- 33% of scans ended at the pubic symphysis, 23% ended between the pubic symphysis and lesser trochanter, 44% ended below the level of the lesser trochanter
- 47% of scans started between T10 and ended at the pubic symphysis, 53% of scans were either too cranial or caudal, (99% Group 1, P<0.05)
There were no incidental findings above the kidney or below the pubic symphysis.





Discussion

Although the exact nature of the relationship between radiation exposure in the form of CT imaging and future morbidity requires further investigation3, it is a great concern to health professionals and patients.
As a result it is now common place to have protocols to limit radiation exposure in situ. At the time of initial audit, there was no local protocol in place to limit radiation exposure to patients undergoing CT KUB stone protocol for diagnosis of renal colic, including a guide on scan length.
As a result, our initial audit revealed that we were over-radiating between 81-99% of our patients unnecessarily with no diagnostic benefit. Evaluation of the data showed that scanning beyond the required 'ideal limits' did not detect additional pathology in the liver, lung, bowel and imaged bones.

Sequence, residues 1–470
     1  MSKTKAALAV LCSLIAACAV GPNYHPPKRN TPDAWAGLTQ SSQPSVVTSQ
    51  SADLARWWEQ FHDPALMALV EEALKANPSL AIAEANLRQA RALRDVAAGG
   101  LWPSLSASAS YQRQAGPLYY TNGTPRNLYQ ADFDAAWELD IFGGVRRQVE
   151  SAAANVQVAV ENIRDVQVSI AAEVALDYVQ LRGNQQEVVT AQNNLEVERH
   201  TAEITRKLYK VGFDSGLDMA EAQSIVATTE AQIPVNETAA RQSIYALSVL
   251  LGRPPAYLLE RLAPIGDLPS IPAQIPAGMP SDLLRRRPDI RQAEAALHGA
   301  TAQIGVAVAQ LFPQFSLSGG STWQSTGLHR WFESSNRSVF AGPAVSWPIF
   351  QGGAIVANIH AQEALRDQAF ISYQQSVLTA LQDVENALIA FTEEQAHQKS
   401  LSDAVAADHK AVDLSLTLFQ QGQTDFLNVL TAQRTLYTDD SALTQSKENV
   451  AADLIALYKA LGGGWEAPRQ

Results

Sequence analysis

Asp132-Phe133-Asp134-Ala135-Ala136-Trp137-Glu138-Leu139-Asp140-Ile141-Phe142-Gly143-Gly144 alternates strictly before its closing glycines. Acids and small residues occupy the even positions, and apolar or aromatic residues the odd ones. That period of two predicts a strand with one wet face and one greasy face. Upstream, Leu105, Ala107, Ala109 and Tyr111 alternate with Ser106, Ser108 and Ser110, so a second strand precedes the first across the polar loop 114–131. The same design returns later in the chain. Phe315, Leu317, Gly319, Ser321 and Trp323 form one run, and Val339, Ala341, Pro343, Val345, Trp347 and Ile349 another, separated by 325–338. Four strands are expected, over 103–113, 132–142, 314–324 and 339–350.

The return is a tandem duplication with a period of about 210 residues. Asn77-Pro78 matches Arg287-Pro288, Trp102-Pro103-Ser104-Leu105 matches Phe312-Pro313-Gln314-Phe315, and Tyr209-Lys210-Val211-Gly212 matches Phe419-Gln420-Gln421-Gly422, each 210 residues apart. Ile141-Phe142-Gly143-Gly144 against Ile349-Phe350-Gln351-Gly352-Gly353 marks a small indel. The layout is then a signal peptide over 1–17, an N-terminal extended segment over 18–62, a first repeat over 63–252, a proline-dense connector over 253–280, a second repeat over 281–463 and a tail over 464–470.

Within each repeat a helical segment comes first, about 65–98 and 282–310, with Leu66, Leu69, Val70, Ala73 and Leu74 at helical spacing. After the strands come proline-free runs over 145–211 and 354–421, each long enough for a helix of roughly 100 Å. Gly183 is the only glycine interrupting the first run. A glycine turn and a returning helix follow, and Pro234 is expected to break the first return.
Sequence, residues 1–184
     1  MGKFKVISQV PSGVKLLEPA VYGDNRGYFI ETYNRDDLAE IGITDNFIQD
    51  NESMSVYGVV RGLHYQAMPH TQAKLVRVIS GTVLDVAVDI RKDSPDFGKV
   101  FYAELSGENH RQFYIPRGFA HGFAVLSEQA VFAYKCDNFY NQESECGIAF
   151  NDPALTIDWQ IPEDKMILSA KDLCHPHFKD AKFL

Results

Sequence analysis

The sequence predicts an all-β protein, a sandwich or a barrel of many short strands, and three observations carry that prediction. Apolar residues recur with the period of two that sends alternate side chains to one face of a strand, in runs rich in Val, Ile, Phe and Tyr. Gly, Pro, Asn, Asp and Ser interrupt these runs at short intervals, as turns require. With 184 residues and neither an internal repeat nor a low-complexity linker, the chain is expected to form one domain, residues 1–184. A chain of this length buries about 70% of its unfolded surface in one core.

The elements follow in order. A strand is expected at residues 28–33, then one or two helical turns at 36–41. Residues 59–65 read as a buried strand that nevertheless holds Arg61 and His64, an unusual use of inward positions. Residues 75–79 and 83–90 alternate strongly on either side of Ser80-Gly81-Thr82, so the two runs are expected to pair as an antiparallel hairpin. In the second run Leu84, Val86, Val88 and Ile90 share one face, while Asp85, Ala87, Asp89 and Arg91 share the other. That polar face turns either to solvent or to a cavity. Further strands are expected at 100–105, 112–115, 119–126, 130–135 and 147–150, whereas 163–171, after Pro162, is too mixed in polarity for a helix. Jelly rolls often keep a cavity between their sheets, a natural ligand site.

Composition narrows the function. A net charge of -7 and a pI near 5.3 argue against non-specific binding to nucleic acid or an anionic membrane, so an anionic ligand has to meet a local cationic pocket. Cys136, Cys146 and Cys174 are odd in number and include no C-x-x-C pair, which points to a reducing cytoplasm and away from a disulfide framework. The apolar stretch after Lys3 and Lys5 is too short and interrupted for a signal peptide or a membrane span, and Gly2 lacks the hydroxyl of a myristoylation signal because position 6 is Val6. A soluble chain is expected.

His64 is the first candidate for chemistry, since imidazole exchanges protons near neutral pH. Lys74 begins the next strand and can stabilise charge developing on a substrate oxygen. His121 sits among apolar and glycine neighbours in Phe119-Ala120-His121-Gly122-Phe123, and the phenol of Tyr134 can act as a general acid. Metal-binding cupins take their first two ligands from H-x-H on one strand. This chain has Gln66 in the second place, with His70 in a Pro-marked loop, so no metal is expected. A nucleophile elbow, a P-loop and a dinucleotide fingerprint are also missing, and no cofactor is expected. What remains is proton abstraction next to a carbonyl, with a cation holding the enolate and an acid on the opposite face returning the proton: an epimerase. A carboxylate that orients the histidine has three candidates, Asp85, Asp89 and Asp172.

Even if additional incidental pathology was picked up, we feel this would not justify exposing our patients to a higher level of radiation. We also consider it to be poorly practiced medicine.
After a concerted effort to establish local guidance in conjunction with radiology colleagues, and disseminate information to the radiography department, we re-audited our practice. We were pleased to note significantly improved results with regards to percentage overscan and the upper and lower anatomical landmark limits of the scan. We demonstrated statistically significant improvement for both parameters.
There remains room for improvement, however, we feel that we have made a significant impact to patients as a result of this project. We aim to continue to re-audit this aspect of urological investigation annually and hope to continue the improvements that have been made.
Conclusion
By initiating clear guidelines with regards to CT KUB scan length at our centre, we have made significant improvements in reducing unnecessary over-radiation of our patients. We encourage hospitals nationally to audit their practice, and have suggested simple measures to reduce irradiation of patients without negative impact on outcomes.